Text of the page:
The World Health Organization wants to achieve global COVID-19 vaccination. However, to do this, the WHO’s first target was to ensure that 10% of the population of every country globally had received the COVID-19 vaccine by the end of September 2021. Sadly, 56 member countries were unable to meet that target. The greater number of these countries were from Africa and the Middle East.
The organization then put another goal in place to vaccinate 40% of the populace of countries worldwide by the end of 2021 and 70% by mid-2022. At the end of 2021, only fifty percent of the countries worldwide reached the objective. According to the BBC, it was particularly worse in Africa. Only seven nations hit the 40% goal, with three of the countries being small island countries.
The African Countries who hit the WHO’s COVID-19 Vaccination Objective
Only seven African nations hit the WHO’s 40% vaccination objective before the end of 2021. Below are the African countries.
Seychelles was one of the first three nations to cross the 40% goal before 2021 ended. The East African island nation has about 100,000 people and about 79.5% of them have taken the COVID-19 vaccine. However, Seychelles’ small population size is most likely a significant advantage to the high vaccination rate.
Mauritius, another of the first three nations that crossed the 40% COVID-19 vaccination goal before the end of 2021, has about 1.2 million people living in the country. Interestingly, 71.5% of the population were inoculated against COVID-19 by the end of 2021.
Morocco is the third of the first three nations that crossed the 40% objective before the end of 2021. Morroco is situated in the northern part of Africa with a population of 37 million people. Nonetheless, 61.6% of its populace can boast of receiving the full COVID-19 vaccine.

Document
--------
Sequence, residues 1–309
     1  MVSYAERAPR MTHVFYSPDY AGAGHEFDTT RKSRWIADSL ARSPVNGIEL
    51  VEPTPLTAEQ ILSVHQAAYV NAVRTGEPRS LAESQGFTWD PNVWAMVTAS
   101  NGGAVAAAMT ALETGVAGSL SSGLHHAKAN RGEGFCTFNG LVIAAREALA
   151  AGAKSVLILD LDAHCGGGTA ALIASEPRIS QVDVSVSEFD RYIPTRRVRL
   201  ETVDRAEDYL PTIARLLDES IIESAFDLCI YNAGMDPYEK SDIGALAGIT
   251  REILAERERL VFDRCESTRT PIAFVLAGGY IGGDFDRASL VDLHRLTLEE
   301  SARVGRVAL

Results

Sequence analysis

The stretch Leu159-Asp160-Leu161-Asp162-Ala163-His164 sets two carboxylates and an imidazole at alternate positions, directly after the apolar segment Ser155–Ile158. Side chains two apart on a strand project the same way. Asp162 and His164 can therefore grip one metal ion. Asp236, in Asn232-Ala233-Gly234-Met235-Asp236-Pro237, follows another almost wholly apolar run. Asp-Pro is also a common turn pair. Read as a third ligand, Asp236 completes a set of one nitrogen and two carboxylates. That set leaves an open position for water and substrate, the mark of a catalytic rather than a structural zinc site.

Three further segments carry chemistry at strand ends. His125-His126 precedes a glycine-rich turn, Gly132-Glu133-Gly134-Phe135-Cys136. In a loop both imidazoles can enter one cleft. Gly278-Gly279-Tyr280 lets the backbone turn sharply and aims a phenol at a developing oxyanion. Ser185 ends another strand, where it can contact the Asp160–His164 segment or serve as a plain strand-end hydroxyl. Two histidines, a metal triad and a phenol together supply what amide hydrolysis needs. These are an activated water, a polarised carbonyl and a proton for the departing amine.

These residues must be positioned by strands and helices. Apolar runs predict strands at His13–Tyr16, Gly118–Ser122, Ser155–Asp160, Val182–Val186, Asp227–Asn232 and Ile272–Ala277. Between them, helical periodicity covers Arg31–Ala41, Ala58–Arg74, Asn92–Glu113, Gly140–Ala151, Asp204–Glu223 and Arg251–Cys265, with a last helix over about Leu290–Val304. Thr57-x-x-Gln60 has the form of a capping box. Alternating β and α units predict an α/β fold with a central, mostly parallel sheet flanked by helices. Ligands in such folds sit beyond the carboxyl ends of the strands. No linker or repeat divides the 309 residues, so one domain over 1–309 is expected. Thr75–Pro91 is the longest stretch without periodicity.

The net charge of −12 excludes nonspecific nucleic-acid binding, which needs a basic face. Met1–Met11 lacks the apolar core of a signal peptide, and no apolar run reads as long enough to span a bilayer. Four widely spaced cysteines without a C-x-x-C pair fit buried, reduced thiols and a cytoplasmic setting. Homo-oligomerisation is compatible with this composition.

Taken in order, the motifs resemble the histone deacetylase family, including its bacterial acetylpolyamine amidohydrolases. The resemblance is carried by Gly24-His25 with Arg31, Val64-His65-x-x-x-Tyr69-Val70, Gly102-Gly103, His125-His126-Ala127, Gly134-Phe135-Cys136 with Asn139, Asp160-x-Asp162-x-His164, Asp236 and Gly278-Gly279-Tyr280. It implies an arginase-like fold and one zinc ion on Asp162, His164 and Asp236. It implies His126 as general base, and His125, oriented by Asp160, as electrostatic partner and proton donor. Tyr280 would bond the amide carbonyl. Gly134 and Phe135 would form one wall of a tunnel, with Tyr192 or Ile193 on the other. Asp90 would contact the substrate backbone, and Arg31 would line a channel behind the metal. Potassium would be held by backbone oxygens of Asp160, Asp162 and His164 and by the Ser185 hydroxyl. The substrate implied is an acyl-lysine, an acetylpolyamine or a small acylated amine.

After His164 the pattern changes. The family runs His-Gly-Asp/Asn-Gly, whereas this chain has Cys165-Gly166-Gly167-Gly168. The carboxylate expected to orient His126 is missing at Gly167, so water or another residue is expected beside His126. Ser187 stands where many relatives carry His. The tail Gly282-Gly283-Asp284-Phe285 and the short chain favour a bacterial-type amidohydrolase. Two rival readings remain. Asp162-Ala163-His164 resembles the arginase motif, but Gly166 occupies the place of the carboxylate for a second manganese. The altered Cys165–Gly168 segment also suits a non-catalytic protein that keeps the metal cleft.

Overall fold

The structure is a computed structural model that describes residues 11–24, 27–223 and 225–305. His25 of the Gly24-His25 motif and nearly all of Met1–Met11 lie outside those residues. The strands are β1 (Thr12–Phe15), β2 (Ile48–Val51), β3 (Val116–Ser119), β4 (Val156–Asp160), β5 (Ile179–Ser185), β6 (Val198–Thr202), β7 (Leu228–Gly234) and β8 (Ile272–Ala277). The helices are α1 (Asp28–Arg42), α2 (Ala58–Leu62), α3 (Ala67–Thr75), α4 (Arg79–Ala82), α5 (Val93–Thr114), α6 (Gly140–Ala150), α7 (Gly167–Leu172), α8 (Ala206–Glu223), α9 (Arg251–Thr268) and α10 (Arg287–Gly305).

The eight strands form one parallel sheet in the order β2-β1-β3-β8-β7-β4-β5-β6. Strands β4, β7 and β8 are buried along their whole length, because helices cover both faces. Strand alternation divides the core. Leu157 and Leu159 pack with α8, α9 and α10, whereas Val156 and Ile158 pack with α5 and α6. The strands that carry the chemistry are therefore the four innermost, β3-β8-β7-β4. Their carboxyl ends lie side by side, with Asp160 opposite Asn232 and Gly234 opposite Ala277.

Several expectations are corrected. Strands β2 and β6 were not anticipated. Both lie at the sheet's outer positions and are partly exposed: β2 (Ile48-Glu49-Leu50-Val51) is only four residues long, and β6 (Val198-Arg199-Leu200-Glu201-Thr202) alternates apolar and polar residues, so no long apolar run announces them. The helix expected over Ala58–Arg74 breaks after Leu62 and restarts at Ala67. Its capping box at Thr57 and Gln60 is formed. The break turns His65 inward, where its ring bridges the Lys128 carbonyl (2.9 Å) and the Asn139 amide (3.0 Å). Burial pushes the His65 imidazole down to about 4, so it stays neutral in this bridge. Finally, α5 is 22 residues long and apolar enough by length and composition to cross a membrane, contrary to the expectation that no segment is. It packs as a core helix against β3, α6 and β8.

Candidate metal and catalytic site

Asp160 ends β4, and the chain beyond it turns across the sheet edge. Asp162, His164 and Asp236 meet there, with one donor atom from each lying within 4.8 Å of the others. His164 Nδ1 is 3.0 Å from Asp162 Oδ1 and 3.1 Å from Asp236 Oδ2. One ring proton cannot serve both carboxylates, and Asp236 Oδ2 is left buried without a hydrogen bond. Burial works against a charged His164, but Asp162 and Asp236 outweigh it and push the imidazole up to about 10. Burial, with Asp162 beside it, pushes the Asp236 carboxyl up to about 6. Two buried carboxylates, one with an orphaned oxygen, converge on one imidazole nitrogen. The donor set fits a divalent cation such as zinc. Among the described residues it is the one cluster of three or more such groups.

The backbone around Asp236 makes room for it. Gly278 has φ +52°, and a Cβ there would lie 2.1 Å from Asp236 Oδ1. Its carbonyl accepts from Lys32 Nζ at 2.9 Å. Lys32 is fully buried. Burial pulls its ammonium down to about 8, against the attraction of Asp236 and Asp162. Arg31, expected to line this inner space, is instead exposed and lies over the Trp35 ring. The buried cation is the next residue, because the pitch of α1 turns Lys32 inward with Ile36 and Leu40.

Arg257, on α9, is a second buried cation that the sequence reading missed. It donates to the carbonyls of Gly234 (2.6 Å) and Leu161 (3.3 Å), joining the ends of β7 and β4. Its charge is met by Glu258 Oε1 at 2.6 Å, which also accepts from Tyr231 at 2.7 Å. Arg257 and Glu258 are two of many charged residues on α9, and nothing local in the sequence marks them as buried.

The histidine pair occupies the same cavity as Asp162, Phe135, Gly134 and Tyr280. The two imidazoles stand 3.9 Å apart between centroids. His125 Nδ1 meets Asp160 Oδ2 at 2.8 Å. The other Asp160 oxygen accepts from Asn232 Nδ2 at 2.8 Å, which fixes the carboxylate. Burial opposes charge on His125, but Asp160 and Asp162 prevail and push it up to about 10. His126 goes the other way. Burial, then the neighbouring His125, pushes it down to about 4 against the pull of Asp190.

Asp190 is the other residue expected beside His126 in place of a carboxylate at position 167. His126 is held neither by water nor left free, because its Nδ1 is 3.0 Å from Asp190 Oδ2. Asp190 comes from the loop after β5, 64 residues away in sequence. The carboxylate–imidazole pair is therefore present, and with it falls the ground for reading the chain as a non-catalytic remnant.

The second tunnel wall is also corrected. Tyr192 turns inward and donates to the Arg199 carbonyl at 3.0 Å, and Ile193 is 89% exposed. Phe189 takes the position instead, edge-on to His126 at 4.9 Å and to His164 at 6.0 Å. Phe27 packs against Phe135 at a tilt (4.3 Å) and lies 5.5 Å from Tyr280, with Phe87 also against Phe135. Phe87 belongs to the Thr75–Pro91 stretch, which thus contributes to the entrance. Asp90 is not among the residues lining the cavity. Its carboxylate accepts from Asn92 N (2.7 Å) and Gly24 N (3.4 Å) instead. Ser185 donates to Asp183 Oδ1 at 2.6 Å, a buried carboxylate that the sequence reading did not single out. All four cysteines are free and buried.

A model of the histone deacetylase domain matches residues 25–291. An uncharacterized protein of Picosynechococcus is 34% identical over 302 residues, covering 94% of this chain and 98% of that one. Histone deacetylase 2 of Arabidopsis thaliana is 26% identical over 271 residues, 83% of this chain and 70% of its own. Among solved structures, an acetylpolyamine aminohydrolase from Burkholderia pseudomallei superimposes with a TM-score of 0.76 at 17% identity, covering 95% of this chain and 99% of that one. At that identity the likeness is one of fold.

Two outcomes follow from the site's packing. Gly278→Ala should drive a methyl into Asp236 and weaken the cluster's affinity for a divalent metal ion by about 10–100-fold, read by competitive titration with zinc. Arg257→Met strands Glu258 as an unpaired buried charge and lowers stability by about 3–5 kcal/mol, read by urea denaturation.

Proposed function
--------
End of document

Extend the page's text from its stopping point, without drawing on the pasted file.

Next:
Tunisia followed the three countries shortly after it was confirmed that they had hit the 40% target. The northern country, with about 11 million people has vaccinated 47.2% of its population.
#5: Cape Verde
The West African nation was one of the countries that passed the 40% goal by the end of 2021. The nation has about 540,000 inhabitants, and 45.6% were vaccinated against COVID-19.
The Southern African nation has a population of about 2.3 million inhabitants. Surprisingly, they are one of the seven countries to exceed the WHO objective before the end of 2021. Consequently, the country vaccinated 42.30% of its entire populace.
Although Rwanda initially complained of delays in getting syringes, the country is now the seventh of the seven countries to meet WHO’s goal in Africa. Moreover, the East-Central African country has about 13 million inhabitants and has been able to fully inoculate 40.9% of its entire population. They are the first East-Central African nation to cross the 40% mark.
Reasons for Low COVID-19 Vaccination in Africa
According to the BBC, African nations that had 10% of their population fully injected with the COVID-19 vaccine as of December 30, 2021, were not up to half. This was a metric that was supposed to be met by the end of September. At the end of September, a lot of African nations had not even vaccinated up to 10% of their entire population.